There is one time of day that I love more than any other: when my daughter falls asleep.

Now, that kinda sounds bad.

This is not my favorite time of day because the house is finally quiet (though she is two...I don't think anyone would really fault my husband and I for wanting some quiet.) No, I love this time of day because I can get a good look at her.

I sneak into Emy's room an hour or so after she goes to bed, right before I'm ready to head to my own slumber. I carefully give her a little pat and kiss, rearrange her blankets, and make sure she has both her teddy bears (my husband's and my childhood bears, by the way.)

Then, I bask in the glory that is being a mom of such a cool kid. At night is when I cannot believe I'm so lucky to be a mom. I just look at her and am stunned. She's beautiful and peaceful and I know she feels loved.

There are many times of the day I love and some I could do without (bath time and brushing the teeth are becoming FUN.) I love cuddling with my daughter during Saturday cartoons, cleaning up the kitchen with her (she helps), and of course, there's reading time.

But then there are those moments, late in the evening, when I can just slow down and appreciate her for the beautiful, intelligent little girl she is turning into.

Monday, September 8, 2008

Yay! (This time sarcasm free)

I don't have much time to post this (it's nine and I'm fading fast), but I wanted to give an update on the car situation.

We got one! Yay!

After an entire weekend of poopy trip after poopy trip to different dealers, we finally found a Toyota at a BMW dealership in Elk Grove. I guess it was a trade-in. Good mileage. 2005. No accidents reported on CarFax.

And, although this is not at all significant, it's super cute.


Now on to the next thing...

Sunday, September 7, 2008


I am not a shopper. I hate it. I do as much as possible online. In fact, I can guarantee that the Internet has improved my quality of life. Or, at least, my husband's.

So this weekend we have one objective: buy a used car. I am less than thrilled.

First of all, we are buying this used car because some dumb-a crashed into my beloved, though abused, Geo Prism at the DMV. Then, this dumb-a's insurance company gave us a pittance for the car, my graduation present from college. So insulting.

Second, we have very limited time in which to purchase this second car. I have this weekend off from school and both my husband and I have little homework...for now. Also, we are using my grandma's car, and I'd like to get it back to her.

So today we traveled to North Highlands. (Charming, by the way.) We found something, but the dealer wouldn't negotiate. Sigh. So, later, we drove to Roseville. With a two-year-old. In 100 degree heat. Double sigh. We found something again, but the dealer again wouldn't negotiate.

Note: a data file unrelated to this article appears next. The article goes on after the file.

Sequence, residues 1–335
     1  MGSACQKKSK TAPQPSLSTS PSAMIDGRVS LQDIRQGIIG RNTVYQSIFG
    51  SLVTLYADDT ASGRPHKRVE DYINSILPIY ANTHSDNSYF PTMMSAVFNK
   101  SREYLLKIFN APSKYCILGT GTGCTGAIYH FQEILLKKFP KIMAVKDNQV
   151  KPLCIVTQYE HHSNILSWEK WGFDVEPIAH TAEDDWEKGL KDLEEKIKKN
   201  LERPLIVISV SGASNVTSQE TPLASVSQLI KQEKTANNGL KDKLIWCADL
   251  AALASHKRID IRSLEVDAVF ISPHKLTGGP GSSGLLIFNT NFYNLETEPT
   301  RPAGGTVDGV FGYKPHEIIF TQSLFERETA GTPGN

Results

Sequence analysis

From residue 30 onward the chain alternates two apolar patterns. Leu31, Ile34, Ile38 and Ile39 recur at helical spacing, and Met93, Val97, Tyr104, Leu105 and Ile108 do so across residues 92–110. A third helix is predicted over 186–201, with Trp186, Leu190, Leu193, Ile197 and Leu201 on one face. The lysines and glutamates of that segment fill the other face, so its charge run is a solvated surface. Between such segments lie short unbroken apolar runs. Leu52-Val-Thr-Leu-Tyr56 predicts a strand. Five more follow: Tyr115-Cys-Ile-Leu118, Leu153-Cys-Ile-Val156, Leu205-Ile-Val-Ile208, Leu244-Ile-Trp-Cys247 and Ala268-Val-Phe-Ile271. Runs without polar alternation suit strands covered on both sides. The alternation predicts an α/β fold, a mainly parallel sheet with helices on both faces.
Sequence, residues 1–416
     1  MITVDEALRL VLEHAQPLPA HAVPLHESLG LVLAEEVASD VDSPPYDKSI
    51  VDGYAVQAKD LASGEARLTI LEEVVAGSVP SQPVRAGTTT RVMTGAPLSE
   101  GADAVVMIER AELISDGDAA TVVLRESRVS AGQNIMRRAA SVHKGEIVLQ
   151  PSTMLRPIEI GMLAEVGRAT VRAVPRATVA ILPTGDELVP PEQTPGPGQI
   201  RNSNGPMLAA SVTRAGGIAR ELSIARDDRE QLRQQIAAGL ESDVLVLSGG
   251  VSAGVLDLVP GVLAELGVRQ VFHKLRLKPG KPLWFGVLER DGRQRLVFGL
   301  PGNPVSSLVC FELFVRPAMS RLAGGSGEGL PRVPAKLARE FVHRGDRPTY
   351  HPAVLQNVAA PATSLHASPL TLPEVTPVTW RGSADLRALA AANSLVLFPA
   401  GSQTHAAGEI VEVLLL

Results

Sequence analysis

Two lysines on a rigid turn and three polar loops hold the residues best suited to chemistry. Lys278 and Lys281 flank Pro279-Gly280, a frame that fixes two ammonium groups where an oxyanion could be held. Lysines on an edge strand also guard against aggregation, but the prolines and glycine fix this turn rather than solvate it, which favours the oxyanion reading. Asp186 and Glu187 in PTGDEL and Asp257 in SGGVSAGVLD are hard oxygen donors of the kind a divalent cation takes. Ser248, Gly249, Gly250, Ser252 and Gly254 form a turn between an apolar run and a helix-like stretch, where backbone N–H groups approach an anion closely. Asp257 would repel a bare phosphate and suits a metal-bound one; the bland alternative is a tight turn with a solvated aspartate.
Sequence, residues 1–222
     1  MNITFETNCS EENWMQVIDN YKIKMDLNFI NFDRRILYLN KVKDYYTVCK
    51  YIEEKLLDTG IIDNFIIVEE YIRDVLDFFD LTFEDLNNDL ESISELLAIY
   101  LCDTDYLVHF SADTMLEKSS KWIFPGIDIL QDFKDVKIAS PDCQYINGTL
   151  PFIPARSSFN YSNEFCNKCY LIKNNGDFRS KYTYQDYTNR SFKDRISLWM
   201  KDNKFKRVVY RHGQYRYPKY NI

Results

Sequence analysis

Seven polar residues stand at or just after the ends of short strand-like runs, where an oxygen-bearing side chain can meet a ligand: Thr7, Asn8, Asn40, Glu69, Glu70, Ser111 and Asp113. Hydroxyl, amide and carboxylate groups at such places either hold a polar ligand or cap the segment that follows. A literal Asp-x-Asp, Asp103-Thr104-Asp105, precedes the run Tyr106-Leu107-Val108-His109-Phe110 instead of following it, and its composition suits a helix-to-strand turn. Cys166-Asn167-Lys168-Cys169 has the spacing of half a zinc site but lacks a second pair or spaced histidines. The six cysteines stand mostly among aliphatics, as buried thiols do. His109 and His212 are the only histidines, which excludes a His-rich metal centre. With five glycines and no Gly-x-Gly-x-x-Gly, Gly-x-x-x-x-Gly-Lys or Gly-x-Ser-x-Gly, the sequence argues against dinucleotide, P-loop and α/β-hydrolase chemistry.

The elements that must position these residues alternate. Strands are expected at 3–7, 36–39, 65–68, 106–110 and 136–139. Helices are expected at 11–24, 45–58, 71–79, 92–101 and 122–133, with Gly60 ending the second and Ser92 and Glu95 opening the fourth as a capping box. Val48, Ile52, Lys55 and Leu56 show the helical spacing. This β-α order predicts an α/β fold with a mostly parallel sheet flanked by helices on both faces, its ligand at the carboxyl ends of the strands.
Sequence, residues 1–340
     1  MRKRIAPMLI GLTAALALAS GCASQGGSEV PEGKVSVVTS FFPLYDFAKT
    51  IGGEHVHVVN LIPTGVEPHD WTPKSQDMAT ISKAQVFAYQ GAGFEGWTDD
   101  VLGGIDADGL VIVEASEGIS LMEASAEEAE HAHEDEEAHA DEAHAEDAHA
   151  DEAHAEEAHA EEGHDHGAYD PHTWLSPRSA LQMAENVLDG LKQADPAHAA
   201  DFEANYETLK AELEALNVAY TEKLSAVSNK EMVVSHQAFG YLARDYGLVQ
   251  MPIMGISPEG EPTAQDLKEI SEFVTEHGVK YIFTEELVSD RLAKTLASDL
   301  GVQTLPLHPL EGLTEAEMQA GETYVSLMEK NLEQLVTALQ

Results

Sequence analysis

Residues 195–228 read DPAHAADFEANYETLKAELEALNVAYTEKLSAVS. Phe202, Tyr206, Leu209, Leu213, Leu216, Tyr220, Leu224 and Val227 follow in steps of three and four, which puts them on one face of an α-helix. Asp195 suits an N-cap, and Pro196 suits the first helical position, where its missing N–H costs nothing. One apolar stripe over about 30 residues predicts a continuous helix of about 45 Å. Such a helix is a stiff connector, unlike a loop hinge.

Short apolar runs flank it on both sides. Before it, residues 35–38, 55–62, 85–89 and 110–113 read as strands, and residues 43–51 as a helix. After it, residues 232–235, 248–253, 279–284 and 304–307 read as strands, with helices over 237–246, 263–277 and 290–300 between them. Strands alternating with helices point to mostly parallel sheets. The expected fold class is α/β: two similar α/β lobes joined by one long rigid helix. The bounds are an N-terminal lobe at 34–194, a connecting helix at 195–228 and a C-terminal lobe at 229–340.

We came back home, tired, fried, and dejected. Em was way over tired. We bought a frozen pizza and some wine, and mulled over our options. Tomorrow we're heading to another dealership to try our luck again. Wish us luck.

Monday, September 1, 2008

Ah, This is the Way...

I tried something new this year, and it actually worked rather well. My husband and I decided (it was mostly me deciding, but he went along for the ride) to throw a Labor Day Party. We decided to throw it on Saturday, not Sunday or actual Labor Day, to save our out-of-town relatives a crazy driving weekend.

All week I was regretting this choice for the following reasons:

1. This was my first week back to school and it was a sprint, not a long-distance event.
2. It turned out I did have my grad school class all Saturday.
3. My husband, Em, and myself were all completely pooped by Friday.

Surprisingly enough (which is very good news for my relationship with my lovely husband), Saturday went off quite well. So well, that I might actually attempt something like this party in the future. Not anytime in the near future, of course, but maybe next year.

Here's why it worked:
1. Most of my friends and family could make it.
2. It was a fun start to the weekend.
3. We didn't spend all weekend getting ready.
4. We had one day to party, one to hang out with family members who stayed over, and one day to ourselves (today, which is lovely.)

Because I'm not hosting a party today, I feel that I can get more prepared for the upcoming week. We already went to Toys R Us for a new car seat, did the shopping for the week, and I just cleaned up the kitchen. The rest of my day includes exercise, laundry (yay), a trip to Target (what weekend would be complete without that?), and some other preparation items for tomorrow.

So, if you're celebrating a long weekend, here are my two suggestions:
1. Do it early
2. Or, even better, do it at someone else's house :)

Monday, August 25, 2008

I'd take 29 over 2 any day

All weekend I was a little anxious about making it through today. The first day of school is always a flurry of activity. (Which is ironic, considering that you really don't do a whole lot of teaching.) And this year I have a new challenge in teaching six classes instead of five. That means from 7:30 to 3:19 I had a total of 30 minutes break.

But I'm 29. It's really not that hard. I did just fine today.

However, I was the only one.

I came home today around five to a toddler in full melt-down mode. Justin was cuddling Em in her room, as she wiped tears off her face.

"What happened?" I asked.